A4A: U.S. Airlines Realized $23 Billion in Net Profit Last Year

 - March 10, 2016, 9:38 AM

Major U.S. airlines collectively realized net profits of $23 billion or 14 percent last year, bettering the single-digit profitability of 2014. Operating revenues of $158 billion remained flat, but the industry benefited from a 9.5-percent reduction in operating expenses, including lower fuel costs.

Reporting on the results of 10 publicly traded airlines, trade group Airlines for America (A4A) said on March 9 that the industry is improving its profitability while also retiring debt and returning money to shareholders. Air fares declined nearly every month, and were down 5.1 percent system-wide. “Falling fares were one of the big stories of 2015,” A4A chief economist John Heimlich told reporters in a conference call.

In 2015, the major U.S. airlines took delivery of 388 new aircraft. They had $86 billion in firm orders for new aircraft scheduled for delivery this year and beyond.

A4A said it expects air travel this spring will rise to its highest level ever; it expects 140 million passengers will fly during March and April, exceeding peak volume last year by 3 percent. Airlines “are increasing the supply of seats commensurately with the expected increase in demand,” the group said.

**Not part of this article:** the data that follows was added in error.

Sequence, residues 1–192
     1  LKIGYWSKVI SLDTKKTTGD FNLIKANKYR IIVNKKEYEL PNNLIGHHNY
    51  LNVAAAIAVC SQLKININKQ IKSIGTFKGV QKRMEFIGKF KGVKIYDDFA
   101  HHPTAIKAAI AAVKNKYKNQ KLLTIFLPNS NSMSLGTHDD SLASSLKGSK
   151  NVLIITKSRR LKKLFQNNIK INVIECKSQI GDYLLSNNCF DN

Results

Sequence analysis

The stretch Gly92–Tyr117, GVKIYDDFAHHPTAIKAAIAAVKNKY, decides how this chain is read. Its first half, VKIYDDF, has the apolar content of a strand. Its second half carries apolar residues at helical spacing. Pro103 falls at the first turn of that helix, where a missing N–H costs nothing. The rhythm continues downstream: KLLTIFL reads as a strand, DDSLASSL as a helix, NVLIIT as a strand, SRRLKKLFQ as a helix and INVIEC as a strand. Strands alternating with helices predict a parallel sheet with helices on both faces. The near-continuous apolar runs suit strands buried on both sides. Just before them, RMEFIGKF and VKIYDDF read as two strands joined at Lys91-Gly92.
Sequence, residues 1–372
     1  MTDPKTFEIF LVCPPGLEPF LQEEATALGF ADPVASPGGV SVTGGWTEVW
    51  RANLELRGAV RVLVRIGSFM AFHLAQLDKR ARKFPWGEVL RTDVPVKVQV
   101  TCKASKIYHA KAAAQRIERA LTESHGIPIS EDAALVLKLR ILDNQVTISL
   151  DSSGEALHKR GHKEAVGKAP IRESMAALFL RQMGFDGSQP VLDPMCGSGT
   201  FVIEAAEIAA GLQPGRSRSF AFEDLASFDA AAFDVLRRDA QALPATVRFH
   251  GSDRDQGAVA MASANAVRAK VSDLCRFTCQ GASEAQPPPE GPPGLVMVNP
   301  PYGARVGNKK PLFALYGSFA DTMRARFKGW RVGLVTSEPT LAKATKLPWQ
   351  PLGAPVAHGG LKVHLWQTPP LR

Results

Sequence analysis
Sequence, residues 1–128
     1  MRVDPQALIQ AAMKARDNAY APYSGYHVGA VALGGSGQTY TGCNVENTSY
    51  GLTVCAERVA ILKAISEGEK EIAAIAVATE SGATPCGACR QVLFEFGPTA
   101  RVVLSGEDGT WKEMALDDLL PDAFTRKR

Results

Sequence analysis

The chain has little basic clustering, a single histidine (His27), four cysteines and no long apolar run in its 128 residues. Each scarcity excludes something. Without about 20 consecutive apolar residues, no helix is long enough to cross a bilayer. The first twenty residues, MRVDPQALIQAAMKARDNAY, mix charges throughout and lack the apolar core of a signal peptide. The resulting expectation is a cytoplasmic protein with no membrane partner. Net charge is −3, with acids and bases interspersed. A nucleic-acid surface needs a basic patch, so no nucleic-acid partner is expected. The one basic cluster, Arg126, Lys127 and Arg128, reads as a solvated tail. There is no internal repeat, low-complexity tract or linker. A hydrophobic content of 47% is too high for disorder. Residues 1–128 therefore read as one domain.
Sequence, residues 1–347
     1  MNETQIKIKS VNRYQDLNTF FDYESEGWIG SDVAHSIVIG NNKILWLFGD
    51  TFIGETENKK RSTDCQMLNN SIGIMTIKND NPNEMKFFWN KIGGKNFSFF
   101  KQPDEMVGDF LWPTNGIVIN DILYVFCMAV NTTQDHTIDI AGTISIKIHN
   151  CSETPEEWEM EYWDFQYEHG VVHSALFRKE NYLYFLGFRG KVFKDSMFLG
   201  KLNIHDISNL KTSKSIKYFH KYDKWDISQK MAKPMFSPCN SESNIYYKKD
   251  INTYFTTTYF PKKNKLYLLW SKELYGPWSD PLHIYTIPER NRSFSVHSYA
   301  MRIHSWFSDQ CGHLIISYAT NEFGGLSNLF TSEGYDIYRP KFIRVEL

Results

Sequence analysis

During the conference call, Sharon Pinkerton, A4A senior vice president of legislative and regulatory policy, said the industry faces “red flags on the regulatory front,” including taxes that would increase from 21 percent to 26.5 percent of the price of a round-trip ticket under the proposed Fiscal Year 2017 federal budget. That includes increasing the passenger facility charge that airports can assess, something A4A opposes.

Pinkerton also called on the Transportation Security Administration to better manage the passenger flow at security lines, saying that wait times of an hour or more are not acceptable. The agency’s “Pre-Check” expedited screening program, which is adding about 6,000 names a day, “isn’t moving as quickly as it needs to move,” she said. “We think it’s a management issue.”